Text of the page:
Finding our boondocking home in the Alabama Hills of California

I wake up to the sound of a screeching female voice.

Well, so much for soaking up the stillness.  I look out the window and see teenagers climbing the rocks nearby.  What?  Today’s Monday.  Shouldn’t they be in school?  Then I remember it’s Columbus Day.

Spike and Bridget go out to investigate.

I put the coffee on and go outside to sit in my camp chair next to the open door.  Now the girl is yelling to produce an echo.  This is what it’ll be like on weekends.  We’d better find a new camp.  We’re too exposed here anyway.

I pack everything up and we pull out.

This is why I rarely unhitch right away when dispersed camping.  I’ve found it’s best to live in a campsite for a day to make sure it’s where I want us to stay.

Back on Movie Road, I see in my side mirror someone behind us towing a Casita.

I pull over.  It’s “Casita Greg” and his wife.  I met Greg during the parade the day we arrived at Lone Pine. He and his wife have been camping at one of the campgrounds nearby.  He gives me directions to a level, secluded campsite they found further back in the Alabama Hills.

“A big motorhome was parked there.  They just moved out.”  Then he adds, “We’re leaving now.  We’re gonna’ camp there the next time we’re here.”

I thank them both and head for the site.

I park the BLT next to two big boulders so that they form two sides of an outdoor “room” with the BLT being the third side, and a pleasant view the fourth.  I park so that the BLT’s refrigerator is shaded in the afternoon.  I grab the patio mat out of the PTV (important to keep sand out of the BLT), unfold it, and stake the corners against the surprise wind common in the desert.  Then I position my lounger and side table on the mat.  I like this!  This is shaping up nicely!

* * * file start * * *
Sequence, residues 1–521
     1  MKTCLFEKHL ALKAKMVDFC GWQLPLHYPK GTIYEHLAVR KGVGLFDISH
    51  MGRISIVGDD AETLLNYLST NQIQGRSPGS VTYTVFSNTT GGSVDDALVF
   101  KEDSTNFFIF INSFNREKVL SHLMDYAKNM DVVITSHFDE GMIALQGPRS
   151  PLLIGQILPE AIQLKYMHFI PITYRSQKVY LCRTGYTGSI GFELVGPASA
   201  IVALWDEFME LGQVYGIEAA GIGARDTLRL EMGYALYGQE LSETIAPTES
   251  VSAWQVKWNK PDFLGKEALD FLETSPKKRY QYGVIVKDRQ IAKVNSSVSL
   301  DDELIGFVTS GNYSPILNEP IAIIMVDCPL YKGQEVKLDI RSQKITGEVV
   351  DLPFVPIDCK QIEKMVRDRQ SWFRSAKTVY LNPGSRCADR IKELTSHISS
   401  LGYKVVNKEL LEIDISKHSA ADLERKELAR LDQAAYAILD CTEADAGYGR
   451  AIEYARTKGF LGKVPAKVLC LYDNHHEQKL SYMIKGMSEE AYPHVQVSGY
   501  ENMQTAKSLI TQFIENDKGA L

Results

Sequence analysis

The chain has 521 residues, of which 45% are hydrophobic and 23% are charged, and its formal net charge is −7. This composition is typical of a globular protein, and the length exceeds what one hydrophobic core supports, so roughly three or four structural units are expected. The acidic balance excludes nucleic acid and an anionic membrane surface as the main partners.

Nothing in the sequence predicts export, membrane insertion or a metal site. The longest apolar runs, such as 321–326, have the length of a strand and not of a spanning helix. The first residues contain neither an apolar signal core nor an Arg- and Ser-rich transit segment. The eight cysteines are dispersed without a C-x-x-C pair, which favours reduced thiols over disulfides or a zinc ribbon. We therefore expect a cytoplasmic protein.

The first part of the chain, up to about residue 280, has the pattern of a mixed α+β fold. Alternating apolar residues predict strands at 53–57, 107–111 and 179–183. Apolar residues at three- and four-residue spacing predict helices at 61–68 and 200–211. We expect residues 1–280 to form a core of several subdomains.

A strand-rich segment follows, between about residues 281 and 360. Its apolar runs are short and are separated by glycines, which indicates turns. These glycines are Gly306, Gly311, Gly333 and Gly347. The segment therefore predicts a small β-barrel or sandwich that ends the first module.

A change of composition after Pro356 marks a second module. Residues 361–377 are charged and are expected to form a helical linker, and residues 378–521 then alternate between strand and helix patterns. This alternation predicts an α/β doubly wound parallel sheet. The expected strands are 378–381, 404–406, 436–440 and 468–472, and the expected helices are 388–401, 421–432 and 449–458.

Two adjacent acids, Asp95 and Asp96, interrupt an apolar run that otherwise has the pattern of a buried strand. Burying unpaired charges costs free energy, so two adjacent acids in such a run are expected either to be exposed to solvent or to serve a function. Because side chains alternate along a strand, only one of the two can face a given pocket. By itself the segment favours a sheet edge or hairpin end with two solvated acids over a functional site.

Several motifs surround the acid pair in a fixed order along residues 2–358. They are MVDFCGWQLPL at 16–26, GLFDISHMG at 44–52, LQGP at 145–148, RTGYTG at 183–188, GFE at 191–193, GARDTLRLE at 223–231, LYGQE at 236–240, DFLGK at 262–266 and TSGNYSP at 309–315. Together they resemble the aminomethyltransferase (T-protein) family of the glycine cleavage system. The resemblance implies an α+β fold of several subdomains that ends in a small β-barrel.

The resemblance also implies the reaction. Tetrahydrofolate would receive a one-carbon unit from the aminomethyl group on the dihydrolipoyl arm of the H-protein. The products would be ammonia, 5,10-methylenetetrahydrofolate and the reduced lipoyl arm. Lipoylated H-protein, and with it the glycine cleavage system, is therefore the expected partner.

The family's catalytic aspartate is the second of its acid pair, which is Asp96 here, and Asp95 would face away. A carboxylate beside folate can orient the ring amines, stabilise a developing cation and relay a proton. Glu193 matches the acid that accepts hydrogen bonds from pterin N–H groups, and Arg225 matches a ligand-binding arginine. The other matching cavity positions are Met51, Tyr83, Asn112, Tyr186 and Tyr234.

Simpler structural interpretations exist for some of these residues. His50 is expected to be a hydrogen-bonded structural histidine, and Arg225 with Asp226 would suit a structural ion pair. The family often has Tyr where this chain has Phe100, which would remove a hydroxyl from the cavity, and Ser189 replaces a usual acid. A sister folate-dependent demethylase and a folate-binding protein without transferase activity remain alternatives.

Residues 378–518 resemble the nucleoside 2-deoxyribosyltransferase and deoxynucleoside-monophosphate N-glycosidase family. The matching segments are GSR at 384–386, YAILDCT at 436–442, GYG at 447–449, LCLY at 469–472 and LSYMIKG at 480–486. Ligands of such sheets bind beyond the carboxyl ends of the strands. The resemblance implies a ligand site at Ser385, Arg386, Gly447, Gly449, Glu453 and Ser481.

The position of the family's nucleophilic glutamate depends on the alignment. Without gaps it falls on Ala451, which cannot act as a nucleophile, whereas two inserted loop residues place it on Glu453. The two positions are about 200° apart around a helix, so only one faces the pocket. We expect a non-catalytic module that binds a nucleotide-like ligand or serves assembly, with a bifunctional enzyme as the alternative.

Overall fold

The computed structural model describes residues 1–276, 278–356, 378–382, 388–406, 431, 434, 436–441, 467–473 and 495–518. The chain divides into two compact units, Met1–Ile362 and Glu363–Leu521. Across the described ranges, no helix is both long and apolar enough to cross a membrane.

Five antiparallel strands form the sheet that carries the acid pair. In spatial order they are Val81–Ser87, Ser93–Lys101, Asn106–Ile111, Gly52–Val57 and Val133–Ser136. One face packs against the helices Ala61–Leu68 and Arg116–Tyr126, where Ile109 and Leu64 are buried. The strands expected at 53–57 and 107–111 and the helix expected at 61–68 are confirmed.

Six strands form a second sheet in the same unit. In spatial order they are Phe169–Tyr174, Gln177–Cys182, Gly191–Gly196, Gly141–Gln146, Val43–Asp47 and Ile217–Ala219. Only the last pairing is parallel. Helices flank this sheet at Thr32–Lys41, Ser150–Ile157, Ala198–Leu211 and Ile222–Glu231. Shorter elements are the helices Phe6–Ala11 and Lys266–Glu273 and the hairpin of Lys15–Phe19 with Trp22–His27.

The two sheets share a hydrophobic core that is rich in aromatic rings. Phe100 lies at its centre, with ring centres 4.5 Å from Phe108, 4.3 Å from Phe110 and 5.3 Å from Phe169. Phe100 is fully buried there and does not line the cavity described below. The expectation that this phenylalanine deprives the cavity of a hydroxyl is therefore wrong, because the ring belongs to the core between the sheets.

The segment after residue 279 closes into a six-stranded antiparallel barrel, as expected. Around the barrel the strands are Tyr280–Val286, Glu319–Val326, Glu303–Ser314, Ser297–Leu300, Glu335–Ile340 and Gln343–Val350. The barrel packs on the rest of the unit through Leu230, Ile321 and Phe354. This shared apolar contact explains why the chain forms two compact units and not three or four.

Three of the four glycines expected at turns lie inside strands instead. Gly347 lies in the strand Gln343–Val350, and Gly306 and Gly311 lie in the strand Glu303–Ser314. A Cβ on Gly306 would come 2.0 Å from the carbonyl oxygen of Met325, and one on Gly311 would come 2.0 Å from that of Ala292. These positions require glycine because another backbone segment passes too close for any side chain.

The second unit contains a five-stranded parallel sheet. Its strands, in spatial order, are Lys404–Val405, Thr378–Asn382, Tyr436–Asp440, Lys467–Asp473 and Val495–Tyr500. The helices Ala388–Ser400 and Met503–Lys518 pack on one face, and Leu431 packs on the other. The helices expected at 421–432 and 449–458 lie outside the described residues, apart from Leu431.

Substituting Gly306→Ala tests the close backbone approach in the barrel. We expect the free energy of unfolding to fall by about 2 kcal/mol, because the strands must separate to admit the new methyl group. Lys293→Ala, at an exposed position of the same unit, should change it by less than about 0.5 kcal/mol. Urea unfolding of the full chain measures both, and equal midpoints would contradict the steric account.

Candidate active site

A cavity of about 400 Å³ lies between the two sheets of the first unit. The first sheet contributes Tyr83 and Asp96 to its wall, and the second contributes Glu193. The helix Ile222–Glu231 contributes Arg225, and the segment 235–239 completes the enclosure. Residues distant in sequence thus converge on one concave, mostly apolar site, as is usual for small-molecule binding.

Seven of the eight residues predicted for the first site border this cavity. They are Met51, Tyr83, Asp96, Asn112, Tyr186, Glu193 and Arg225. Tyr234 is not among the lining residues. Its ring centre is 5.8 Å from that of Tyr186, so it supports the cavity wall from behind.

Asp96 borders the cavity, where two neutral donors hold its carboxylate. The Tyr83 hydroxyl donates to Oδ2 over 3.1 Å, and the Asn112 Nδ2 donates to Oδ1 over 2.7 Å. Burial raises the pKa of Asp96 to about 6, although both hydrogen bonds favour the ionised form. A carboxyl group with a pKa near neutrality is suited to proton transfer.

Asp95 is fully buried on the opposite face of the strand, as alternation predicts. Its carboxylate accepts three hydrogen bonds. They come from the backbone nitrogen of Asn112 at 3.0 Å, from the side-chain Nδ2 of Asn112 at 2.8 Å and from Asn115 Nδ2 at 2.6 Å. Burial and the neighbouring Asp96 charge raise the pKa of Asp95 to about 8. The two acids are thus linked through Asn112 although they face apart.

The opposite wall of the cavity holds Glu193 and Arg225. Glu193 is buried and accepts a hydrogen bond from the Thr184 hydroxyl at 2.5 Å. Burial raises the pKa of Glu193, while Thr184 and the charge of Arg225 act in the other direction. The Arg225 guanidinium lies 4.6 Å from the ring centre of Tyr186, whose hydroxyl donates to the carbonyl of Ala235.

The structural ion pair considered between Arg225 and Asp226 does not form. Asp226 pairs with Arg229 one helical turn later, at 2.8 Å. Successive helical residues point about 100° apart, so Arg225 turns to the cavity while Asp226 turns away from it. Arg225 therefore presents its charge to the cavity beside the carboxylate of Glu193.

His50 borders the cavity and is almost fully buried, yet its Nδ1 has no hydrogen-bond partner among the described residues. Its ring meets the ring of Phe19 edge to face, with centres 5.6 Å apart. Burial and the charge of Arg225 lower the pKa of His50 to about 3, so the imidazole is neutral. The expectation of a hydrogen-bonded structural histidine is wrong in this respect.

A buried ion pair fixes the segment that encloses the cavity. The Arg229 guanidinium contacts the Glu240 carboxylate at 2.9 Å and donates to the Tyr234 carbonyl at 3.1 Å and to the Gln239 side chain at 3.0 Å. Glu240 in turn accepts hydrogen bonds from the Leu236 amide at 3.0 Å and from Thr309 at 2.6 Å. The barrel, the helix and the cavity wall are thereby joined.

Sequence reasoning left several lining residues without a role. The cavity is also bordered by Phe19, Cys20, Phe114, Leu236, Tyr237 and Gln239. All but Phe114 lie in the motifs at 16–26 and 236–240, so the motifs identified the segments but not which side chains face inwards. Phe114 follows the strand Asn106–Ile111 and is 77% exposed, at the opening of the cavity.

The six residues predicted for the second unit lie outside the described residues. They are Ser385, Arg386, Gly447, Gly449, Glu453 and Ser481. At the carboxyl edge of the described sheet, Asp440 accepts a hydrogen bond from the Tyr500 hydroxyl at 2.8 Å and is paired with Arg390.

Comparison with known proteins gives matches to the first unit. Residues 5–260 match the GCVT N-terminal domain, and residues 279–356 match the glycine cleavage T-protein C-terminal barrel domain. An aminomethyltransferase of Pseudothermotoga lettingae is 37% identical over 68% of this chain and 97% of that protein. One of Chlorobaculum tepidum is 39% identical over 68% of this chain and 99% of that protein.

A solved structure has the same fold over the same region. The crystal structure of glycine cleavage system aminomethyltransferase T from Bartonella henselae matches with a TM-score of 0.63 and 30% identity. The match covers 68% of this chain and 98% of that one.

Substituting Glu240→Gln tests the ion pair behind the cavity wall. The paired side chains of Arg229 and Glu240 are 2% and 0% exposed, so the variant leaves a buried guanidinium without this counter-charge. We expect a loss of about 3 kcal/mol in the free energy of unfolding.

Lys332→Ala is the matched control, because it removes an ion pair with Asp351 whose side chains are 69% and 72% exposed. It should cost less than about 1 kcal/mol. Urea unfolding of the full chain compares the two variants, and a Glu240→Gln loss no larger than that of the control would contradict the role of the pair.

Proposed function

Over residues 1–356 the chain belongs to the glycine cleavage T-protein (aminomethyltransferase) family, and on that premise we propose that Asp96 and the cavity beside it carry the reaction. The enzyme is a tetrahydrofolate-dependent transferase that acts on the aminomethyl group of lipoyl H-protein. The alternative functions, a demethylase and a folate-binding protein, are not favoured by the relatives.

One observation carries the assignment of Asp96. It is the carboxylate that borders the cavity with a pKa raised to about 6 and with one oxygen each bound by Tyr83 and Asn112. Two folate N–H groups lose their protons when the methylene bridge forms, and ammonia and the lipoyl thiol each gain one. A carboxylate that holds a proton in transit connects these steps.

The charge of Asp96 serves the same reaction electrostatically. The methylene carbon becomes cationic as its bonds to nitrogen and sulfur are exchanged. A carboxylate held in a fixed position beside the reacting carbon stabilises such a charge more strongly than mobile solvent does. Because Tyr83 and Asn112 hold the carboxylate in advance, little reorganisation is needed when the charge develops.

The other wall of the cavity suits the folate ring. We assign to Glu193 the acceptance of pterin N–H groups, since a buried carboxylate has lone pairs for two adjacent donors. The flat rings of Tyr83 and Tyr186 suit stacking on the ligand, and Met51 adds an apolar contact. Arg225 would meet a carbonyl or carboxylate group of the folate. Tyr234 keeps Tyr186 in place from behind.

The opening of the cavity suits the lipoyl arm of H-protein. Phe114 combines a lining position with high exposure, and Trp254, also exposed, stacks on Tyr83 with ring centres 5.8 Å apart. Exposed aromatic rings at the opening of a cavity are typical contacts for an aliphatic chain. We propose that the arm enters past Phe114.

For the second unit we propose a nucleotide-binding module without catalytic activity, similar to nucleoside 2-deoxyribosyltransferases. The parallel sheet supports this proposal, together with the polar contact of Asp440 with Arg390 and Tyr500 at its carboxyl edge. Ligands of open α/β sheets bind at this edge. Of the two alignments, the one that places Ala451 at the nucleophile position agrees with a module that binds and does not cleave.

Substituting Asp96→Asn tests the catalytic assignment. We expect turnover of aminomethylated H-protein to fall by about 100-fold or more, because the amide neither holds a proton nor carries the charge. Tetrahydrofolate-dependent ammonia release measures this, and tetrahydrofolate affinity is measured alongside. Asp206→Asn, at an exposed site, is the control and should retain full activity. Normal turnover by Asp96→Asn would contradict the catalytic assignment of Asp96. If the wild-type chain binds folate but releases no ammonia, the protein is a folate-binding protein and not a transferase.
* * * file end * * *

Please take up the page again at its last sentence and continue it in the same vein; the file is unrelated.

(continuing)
I set up the canine condo and also put out the dog bed. 

Spike and Bridget come back from inspecting the perimeter of our site, take a big drink, and pick a place to settle next to me. Yes, this is home!

(As soon as I receive in the mail the gift of a camera promised me by a dear friend, I’ll post lots of photos of our campsite, the Alabama Hills, and Mt. Whitney.  I’m postponing reports of the area until I have a working camera.)

I do what I’ve been wanting to do for months — clean out the PTV! 

All this moving around the West has everything tangled up and dirty.  I devote one day to taking everything out, sorting and setting aside things to donate or throw away, cleaning out the dust, sand, pine needles, etc., and putting my possessions back in an organized way.  A side benefit is I find the cheapo sewer hose that came with the BLT!

Later the crew and I make the short trip into Lone Pine.

I pick up some groceries and drop some trash in the bins by the park.  At the Visitors’ Center at the south end of town, I buy a postcard for my aunt in northern New York who doesn’t go online.  I find the post office (closed for Columbus Day), the movie museum, a thrift store, a hardware store, and the library. 

I’m going to enjoy staying here for two weeks!

rvsue

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About rvsueandcrew

Fulltime nomad
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55 Responses to Finding our boondocking home in the Alabama Hills of California

  1. The Good Luck Duck says:

    Southern NY like downstate, or like the southern tier? We’re from Ithaca.

  2. WJ says: